Professor: Kennedy More Powerful in Death Than in Life

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    Boston College Professor Patrick Maney said there's a real gap between image of JFK and his actual legislative record, which was pretty meager (Published Sunday, Jan. 26, 2014)

    (NECN) – We were joined by Boston College Professor Patrick Maney, who gave us insight into John F. Kennedy’s service during his brief time in office.

    What was JFK’s single greatest achievement?

    Maney said Kennedy’s greatest achievement was not legislative; rather, it was to inspire Americans to public service, especially a younger generation.

    “Having said that, there’s a real gap between the image of Kennedy and his actual legislative record, which was pretty meager.”

    Many said Kennedy inspired great hope among African Americans during the 1960 campaign that he would be a strong supporter of civil rights.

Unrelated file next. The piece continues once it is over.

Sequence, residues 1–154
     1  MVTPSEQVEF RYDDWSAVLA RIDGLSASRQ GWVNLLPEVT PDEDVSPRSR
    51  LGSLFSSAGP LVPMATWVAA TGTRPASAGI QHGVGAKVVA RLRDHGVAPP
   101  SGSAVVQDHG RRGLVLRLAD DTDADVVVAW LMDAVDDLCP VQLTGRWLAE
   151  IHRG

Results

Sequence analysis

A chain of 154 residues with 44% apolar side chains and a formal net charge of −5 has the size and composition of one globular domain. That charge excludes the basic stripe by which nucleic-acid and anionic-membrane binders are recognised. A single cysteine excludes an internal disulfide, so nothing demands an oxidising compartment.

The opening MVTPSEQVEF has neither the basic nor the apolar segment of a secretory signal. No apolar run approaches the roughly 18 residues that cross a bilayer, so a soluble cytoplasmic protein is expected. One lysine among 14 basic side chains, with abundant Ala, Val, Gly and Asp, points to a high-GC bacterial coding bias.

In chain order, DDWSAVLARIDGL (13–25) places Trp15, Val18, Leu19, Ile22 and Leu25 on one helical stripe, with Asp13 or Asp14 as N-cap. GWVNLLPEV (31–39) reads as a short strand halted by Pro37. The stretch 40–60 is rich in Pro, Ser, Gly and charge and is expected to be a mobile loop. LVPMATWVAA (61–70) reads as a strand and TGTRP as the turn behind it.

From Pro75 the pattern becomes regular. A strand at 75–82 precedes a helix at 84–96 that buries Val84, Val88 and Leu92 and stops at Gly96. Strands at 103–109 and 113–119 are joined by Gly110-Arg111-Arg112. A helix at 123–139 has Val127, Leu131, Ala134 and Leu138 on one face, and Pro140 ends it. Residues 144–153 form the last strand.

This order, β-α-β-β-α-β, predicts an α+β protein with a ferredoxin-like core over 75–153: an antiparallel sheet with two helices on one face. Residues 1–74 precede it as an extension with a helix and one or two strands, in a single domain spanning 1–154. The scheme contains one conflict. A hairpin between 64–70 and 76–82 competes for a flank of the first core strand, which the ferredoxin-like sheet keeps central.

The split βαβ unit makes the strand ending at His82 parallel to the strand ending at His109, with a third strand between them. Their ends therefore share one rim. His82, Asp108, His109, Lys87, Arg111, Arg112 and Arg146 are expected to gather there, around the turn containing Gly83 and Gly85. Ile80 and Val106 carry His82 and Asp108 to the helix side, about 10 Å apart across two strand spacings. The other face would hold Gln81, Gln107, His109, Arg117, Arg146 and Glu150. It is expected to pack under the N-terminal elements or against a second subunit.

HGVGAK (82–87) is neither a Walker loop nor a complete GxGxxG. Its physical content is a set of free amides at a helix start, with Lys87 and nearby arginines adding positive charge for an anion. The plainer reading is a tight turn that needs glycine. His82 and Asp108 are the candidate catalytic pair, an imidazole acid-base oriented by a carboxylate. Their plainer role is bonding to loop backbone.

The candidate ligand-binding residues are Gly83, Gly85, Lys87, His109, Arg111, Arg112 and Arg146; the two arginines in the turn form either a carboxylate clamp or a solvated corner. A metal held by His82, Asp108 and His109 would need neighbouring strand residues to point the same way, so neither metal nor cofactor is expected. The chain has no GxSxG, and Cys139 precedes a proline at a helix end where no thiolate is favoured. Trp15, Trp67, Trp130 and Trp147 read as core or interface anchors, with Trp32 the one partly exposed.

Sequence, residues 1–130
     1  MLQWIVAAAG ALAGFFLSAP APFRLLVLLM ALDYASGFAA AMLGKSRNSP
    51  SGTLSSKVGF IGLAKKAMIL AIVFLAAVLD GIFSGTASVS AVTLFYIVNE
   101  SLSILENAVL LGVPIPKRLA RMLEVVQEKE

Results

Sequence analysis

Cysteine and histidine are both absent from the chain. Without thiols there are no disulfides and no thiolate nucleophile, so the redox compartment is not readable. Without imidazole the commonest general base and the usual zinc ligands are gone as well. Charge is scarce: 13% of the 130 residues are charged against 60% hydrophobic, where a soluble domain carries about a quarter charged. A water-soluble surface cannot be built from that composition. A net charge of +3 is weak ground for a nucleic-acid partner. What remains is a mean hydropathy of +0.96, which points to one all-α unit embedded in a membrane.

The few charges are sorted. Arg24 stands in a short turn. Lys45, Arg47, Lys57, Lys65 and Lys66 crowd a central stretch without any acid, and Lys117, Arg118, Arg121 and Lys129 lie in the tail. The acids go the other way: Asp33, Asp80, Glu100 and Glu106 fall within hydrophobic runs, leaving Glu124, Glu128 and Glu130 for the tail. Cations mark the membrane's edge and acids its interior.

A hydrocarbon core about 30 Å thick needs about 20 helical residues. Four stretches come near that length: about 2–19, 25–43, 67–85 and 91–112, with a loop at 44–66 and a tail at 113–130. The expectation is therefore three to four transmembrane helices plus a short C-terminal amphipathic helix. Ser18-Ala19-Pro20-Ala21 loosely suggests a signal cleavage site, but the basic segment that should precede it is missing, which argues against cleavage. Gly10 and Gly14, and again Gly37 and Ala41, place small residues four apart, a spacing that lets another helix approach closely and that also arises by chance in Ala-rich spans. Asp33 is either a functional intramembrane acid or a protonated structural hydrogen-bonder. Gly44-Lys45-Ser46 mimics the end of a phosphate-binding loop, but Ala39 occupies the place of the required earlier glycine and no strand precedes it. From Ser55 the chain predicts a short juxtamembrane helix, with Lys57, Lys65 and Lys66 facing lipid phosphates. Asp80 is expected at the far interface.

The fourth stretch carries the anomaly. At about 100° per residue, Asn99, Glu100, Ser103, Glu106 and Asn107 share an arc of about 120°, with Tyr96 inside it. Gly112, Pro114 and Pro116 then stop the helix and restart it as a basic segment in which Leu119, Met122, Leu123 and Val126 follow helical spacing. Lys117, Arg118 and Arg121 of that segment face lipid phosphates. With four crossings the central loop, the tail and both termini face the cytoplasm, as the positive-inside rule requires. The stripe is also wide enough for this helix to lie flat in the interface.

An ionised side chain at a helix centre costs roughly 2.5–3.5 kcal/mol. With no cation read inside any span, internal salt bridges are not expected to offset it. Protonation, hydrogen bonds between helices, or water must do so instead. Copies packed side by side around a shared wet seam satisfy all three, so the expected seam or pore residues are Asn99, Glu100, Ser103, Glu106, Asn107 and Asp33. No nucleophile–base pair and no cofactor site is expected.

“But then once in office, he moved slowly, if at all.”

    Maney said, even if JFK had lived, he wouldn’t have been able to do what Lyndon Johnson did with civil rights, because Johnson was a ‘legislative master.’

    “Kennedy may have been more powerful in death than in life because Johnson was able to use Kennedy’s death to persuade Congress that they needed to pass civil rights as a tribute to the fallen president.”

    With JFK’s assassination, there was a loss of innocence for America and the beginning of conspiracy theories.

    Maney said Kennedy’s death was like Pearl Harbor for older generations and like 9/11 for younger generations.

    “Things were just forever different.”